Computer technology is rapidly changing the American shopping experience; more are skipping the stores altogether, instead using their smartphones and tablets.
So far, physical stores (“bricks and mortar”) are not going away-yet. But due to tech and online shopping advances, stores that remain will be likely to offer amenities and services that may include: allowing shoppers to try on clothes without getting undressed (!), “smart” homes that can order light bulbs before they go dark, 3-D printing of coffee cups and other household products, day care, veterinary and beauty services, drive-through pickup, order online, pick-up-in-store services and self-service checkout (for example, the Seattle store Hointer features clothing not in piles or on racks, but as one piece hanging at a time, like an art gallery. Shoppers just touch their smartphones to a coded tag on the item, then select a color and size on their phone. If a shopper doesn’t like an item, it’s tossed down a chute, which instantly removes the item from the shopper’s online shopping cart. The shopper keeps what he or she likes, which is automatically purchased upon leaving the store), among other innovations.
Beacons are Bluetooth-enabled devices that can communicate directly with your cellphone to offer discounts, direct you to a desired product in a store or enable you to pay remotely (the British retailer Tesco and drugstore Duane Reade are currently testing these).
Perhaps the biggest innovation will be 3-D printing; within the next 10 years, it’s expected to completely change the world of retail (perhaps you want to buy a coffee cup; you may be able to just download the code for it and 3-D print it at a retail outlet or in your own home).
According to Kasey Lobaugh, chief retail innovation officer at Deloitte Consulting, “The big question is when. Right now a few stores offer rudimentary 3-D printing services, but on a very limited basis. And 3-D printing is primarily plastic, but there’s currently testing at MIT and other places with other materials, including fabric.”
Lobaugh believes the shift will occur within 10 to 20 years.
Physical Stores and Online Shopping: The Best of Both Worlds
A current situation that retailers are facing everywhere is how to best blend physical stores (“bricks and mortars”) and online shopping in a world that now demands that retailers do a good job at both.
“You kind of have to figure out what’s the combination. It’s not one or the other anymore,” said Barbara Kahn, director of the Jay H. Baker Retailing Center at the University of Pennsylvania’s Wharton School. “It’s an exciting time in retail.”
Several stores, like Wal-Mart, are already offering the option of ordering online and picking in the store. And some exclusively online stores, such as Bonobos, are now opening actual stores so potential customers can also see and touch their products.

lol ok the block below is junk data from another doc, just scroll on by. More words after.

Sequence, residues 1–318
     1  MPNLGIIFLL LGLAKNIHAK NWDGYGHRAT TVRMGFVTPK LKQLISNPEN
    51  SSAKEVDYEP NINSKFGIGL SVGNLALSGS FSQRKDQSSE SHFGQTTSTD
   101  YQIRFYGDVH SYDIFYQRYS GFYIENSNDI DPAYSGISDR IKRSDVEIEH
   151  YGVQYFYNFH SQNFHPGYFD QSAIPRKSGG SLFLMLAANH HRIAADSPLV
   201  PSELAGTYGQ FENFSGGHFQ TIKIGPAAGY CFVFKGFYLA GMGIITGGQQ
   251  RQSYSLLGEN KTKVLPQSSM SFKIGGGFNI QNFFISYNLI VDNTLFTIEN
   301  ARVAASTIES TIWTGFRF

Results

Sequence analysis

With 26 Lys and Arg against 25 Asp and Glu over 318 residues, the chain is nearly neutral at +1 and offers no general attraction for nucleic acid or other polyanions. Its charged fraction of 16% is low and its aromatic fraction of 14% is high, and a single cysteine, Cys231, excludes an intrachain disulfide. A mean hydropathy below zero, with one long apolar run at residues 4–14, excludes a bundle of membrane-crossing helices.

It’s a win-win situation (there’s a bigger audience online, but there’s still a steady core group of substantial millions that wants the “interaction” with the merchandise) for the most part (there’s also more competition online).
Thrift Shops and “By-the-pound” Programs
Once looked down upon (for quite a while), in recent years thrift shops have become totally “trendy” and “hot” (for some of us, it was always trendy and hot). Because of this change in American attitude, many shops are adding stores, offering more items and launching new concepts to expand customer base.
One trend is the “pound program”; shoppers grab a bundle of items, have it weighed and pay a set price.
“We want goods, especially clothing, to flow out the door quickly. If you let them sit too long, you have quality-control issues,” said Tom Canfield, district manager for Salvation Army stores in Minnesota’s Twin Cities (where this trend is extremely popular).
In the by-the-pound program, any clothing unsold after three weeks are gathered from 12 stores and sent to the Minneapolis warehouse. Then they’re divided into large containers and put on tables every 15 minutes; extreme bargain hunters sort through each new load.
The concept has worked not only in Minnesota, but also on the East and West coasts and elsewhere in the U.S.
Nationally, the number of used-goods stores has grown 7 percent each year since 2010, making it a $13 billion industry in 2012, according to the National Association of Resale and Thrift Shops.
“There’s been a broad shift in the attitude of customers,” said Jason Seifert, chief financial and operations officer of Goodwill-Easter Seals Minnesota. ¨Whether they´re looking to be green by keeping stuff out of the landfill or just looking for a bargain, it all works for us.¨
Sources: “What’s in store?”-Associated Press-The Vindicator, May 24, 2014, “More stores mix bricks, clicks”-Orlando Sentinel (MCT)-The (Sunday) Vindicator, June 29, 2014 and ¨Thrift stores expanding by-the-pound programs¨ Star Tribune (Minneapolis)-The (Sunday) Vindicator, June 29, 2014